Cutting beat cops and shutting down Oregon courts while insisting that inmates serve every last second of 70-month sentences doesn't seem like a promising public-safety strategy.

It isn't clear whether lawmakers and the powerful lobbies in Salem -- notably county prosecutors -- think these choices amount to good public safety, or just good politics. Whatever the rationale, it is discouraging how quickly and easily Oregon is moving to shutter its courts one day a week....

All these spending reductions [on courts and cops] may be inevitable at a time when the state budget is in a world of hurt, and legislators are cutting into bone. But Oregonians ought to understand what is going on: This state is making a policy decision to cut police officers, parole and probation and courts. But so far, corrections, in terms of inmate sentences, is off the table....

State Rep. Chip Shields has tried to draw the state's district attorneys and other top public safety officials into a discussion in Salem about how best to spread cuts among criminal justice priorities. Shields, D-Portland, and co-chairman of the Ways and Means Subcommittee on Public Safety, points to studies showing that putting more police on the streets is more effective at reducing crime than putting more people in prison.

Shields wants the state to explore ways to save more money in corrections. One way would be to expand what is known as "transitional leave," the final 30 days of an inmate's sentence. On any given day, about 900 inmates in Oregon are held on transitional leave. Shaving their prison time could save millions.

The state's very strong prison lobby will strongly attack this or any other effort to wring some savings out of the state prison system. But the people closest to Oregon's criminal justice system understand that it stands strong on three legs: police, courts and corrections. If Oregon persists in whacking away at just two of them, the whole thing might just topple over.

Some recent related posts on the modern economics of incarceration nation:

March 3, 2009 in Scope of Imprisonment | Permalink | Comments (3) | TrackBack

Split Sixth Circuit ruling breaks new ground in federal guidelines masturbation jurisprudence

Faithful readers might recall this post from a few years ago discussing the case of a Florida jail inmate convicted of indecent exposure after a guard complained that he had masturbated in his cell.  I raise this bit of blog history because today brings a new Sixth Circuit case, US v. Shafer, No. 07-2574 (6th Cir. March 3, 2009) (available here), in which a split panel discusses at some length a novel federal sentencing issue:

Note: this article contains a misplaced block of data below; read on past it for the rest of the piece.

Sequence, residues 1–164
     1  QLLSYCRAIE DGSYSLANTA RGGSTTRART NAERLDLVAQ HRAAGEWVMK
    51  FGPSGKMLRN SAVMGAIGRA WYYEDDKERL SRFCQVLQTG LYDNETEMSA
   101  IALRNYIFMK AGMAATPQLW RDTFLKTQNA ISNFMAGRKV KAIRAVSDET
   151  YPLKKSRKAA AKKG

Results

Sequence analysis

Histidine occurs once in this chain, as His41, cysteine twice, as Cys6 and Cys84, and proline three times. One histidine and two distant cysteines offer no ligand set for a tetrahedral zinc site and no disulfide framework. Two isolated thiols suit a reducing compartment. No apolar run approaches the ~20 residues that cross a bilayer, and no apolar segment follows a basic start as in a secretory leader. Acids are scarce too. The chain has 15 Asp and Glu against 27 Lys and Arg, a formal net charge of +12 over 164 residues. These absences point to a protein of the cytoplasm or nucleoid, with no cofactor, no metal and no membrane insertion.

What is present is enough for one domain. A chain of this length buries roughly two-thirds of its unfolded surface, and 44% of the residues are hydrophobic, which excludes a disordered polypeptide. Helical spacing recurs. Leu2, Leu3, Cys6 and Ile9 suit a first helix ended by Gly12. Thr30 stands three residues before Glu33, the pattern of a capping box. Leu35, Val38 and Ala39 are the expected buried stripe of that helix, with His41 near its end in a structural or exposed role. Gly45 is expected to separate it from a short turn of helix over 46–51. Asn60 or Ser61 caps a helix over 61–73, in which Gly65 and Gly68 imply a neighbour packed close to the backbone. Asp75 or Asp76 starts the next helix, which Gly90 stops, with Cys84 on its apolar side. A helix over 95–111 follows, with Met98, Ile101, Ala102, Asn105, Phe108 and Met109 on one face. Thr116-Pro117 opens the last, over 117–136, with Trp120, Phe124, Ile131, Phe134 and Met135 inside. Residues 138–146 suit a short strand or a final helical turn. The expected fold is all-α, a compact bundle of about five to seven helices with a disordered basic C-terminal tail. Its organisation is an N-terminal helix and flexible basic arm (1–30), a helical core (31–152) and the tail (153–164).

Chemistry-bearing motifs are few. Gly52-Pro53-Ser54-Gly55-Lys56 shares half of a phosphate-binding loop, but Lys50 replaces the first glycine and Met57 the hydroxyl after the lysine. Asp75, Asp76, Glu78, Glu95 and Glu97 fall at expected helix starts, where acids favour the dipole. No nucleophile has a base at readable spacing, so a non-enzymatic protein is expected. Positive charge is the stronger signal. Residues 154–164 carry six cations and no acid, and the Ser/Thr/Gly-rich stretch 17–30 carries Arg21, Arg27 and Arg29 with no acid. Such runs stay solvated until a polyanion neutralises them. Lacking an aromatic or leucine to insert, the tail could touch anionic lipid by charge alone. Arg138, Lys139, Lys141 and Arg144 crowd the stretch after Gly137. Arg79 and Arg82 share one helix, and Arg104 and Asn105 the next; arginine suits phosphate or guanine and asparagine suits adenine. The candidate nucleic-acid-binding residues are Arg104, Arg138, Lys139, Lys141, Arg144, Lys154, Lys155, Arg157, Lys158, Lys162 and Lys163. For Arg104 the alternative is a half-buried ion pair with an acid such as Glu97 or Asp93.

Shafer contends that the district court erred when it imposed the two-level enhancement pursuant to § 2G2.1(b)(2)(A) because: (1) “sexual contact” does not include self-masturbation and (2) Shafer did not commit any “sexual contact” that can be considered “relevant conduct” for purposes of the enhancement.  Although we disagree with Shafer’s assertion that “sexual contact” does not include self-masturbation, we conclude that the district court’s imposition of an enhancement under § 2G2.1(b)(2)(A) cannot be supported by either theory advanced by the district court....

Shafer contends that the term “sexual contact” does not include selfmasturbation.  Neither party provided the court with any caselaw addressing whether self-masturbation is covered by 18 U.S.C. § 2246(3)’s definition of “sexual contact.”  We also were unable to locate such a case in any circuit.  Thus, this issue of statutory interpretation appears to be a question of first impression.

Though the underlying facts in Shafer should prevent anyone from turning this case into a tawdry joke, I cannot help being a bit amused that the federal sentencing guidelines have now helped engender a federal masturbation sentencing jurisprudence.

March 3, 2009 in Sex Offender Sentencing | Permalink | Comments (24) | TrackBack

March 2, 2009

Still awaiting some hope and change on the clemency front

President Obama is about to begin his sixth week in office still without having made any use of his clemency powers.  P.S. Ruckman in this post notes that this means the new guy "is already among the slowest presidents to tend to this constitutional duty."  As Ruckman notes, the vast majority of Presidents have used their clemency power within their first month in office.